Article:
Sometimes we review books on this list, but I spent last week, for seven
days in a row, taking the R2-RingZer0-Amy-Burnett Browser Hacking
<https://ringzer0.training/advanced-browser-exploitation.html> class. But
before I do, I want to point out that 36 Minutes into this video (
https://vimeo.com/442583799) I ask Marco Ivaldi about what it's like to
switch from management back into the technical field. "It's hard, but it's
Here's my one top tip for making remote classes easier as a student: TURN
YOUR FREAKING CAMERA ON. This forces you to pay attention to the trainer.
Also: trainers do better when they can see if you are picking up the
I like the remote format better in many ways than the in-person format. I
like seeing everyone else's questions in the Discord. I like being able to
take a big break during the day to get food and then come back to the
exercises later and get real-time answers to my questions by Amy typing
things up on her cellular phone at the local Troy bar. I like continuing to
have lungs complete with working alveoli.
Also, the Browser Hacking class is effective. Everyone in the class (I was
in 1992AD) can write Chrome and Webkit exploits now. This is a useful
feature. Obviously the first half of the class is "This is the giant
optimized data structure they invented to allow people to check Gmail super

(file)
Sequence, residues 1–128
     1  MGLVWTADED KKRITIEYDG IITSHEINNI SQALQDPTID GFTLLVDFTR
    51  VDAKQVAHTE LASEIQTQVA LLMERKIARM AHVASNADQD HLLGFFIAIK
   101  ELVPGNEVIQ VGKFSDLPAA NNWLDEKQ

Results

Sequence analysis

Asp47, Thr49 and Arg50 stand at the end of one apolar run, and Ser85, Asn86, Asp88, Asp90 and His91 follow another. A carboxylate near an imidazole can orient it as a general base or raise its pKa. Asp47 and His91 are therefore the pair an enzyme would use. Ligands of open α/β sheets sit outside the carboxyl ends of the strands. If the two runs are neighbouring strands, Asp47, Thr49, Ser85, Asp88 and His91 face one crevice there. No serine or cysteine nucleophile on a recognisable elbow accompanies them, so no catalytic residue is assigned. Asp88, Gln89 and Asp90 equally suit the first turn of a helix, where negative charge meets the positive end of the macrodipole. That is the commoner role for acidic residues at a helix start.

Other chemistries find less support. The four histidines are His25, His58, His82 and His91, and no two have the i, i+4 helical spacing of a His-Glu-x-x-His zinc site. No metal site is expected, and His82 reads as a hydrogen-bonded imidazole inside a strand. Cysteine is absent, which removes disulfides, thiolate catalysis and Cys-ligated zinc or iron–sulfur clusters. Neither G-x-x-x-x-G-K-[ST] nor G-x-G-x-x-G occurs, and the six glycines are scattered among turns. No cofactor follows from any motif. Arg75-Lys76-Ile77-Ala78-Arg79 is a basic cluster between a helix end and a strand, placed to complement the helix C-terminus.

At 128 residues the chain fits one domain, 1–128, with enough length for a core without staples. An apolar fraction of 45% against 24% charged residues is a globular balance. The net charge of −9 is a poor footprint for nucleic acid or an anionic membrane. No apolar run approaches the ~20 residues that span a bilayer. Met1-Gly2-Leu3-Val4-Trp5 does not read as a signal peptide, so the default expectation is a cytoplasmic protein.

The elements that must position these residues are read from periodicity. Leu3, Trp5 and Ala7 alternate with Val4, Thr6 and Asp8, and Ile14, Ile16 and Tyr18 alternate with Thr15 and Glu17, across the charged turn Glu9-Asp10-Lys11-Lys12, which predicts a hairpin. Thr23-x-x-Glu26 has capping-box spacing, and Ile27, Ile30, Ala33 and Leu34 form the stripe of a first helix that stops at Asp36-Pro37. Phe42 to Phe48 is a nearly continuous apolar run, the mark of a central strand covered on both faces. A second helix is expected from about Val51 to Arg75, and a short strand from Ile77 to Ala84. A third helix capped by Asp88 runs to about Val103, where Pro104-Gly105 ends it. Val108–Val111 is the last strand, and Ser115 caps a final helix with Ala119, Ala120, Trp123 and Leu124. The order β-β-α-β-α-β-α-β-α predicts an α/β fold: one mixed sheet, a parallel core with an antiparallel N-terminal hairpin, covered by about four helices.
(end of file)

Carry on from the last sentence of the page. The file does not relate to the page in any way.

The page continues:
fast" and the second half is "this is what those bug-classes look like in
source code, and how you build your exploit primitives and plug them
I guess my summary is this: Great class. It is well worth the money just to
feel the dragon inside you wake up and swallow something whole again.
(List Note: I have turned off bounce processing, since it was misfiring and
kicking people off the list for no reason.)
Bistahieversor or MS08-067?
If you had to list out the problems with CVSS it would be like analyzing
the anatomical issues of a children's drawing. No part of it fits together
properly. Here's a problem: Scoring of threats is not one dimensional, and
numbers can't carry the whole story. We need a vulnerability scoring system
that's extensible, and programable.
But I have an alternative: Take each vulnerability attribute and assign it
to a dinosaur part! Is it a client-side? Then it's got legs! Does it need
user interaction? Then short stumpy legs. Is it a true remote against a
service? Then it's got wings. Is it a root bug? Then it has a big mouth?
User-level access? Duckbill.
That way, the attributes of the vulnerability reflect themselves as a
literal model - a denizen of your Cretatous nightmares. But it rings true -
getting attacked by five hundred pre-auth XSS bugs in your web front-end is
exactly like getting attacked by a horde of ducks. And of course,
vulnerabilities can combine - a LPE + a remote user-level XSS + sandbox
escape has legs and teeth.
Modeling is better than scoring in every way. Maybe your network is a
Animantarx <https://en.wikipedia.org/wiki/Animantarx>, a living citadel,
but more likely you're a Diplodocus, a big bag of walking meat getting
nibbled to death by ducks.